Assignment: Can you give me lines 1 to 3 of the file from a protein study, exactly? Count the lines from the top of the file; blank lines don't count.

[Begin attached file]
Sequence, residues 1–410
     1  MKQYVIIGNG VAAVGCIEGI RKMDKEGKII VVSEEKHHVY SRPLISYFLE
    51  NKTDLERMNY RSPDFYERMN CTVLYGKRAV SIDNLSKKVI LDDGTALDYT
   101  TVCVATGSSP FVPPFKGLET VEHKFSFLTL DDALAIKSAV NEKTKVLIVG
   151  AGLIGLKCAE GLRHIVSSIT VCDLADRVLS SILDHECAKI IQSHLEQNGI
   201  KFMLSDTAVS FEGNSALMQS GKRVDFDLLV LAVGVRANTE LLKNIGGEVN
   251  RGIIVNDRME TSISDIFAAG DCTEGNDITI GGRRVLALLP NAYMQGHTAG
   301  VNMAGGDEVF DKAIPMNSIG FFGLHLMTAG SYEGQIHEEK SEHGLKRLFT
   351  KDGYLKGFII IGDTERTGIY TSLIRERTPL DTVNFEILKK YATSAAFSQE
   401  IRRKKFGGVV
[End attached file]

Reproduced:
Sequence, residues 1–410
     1  MKQYVIIGNG VAAVGCIEGI RKMDKEGKII VVSEEKHHVY SRPLISYFLE
    51  NKTDLERMNY RSPDFYERMN CTVLYGKRAV SIDNLSKKVI LDDGTALDYT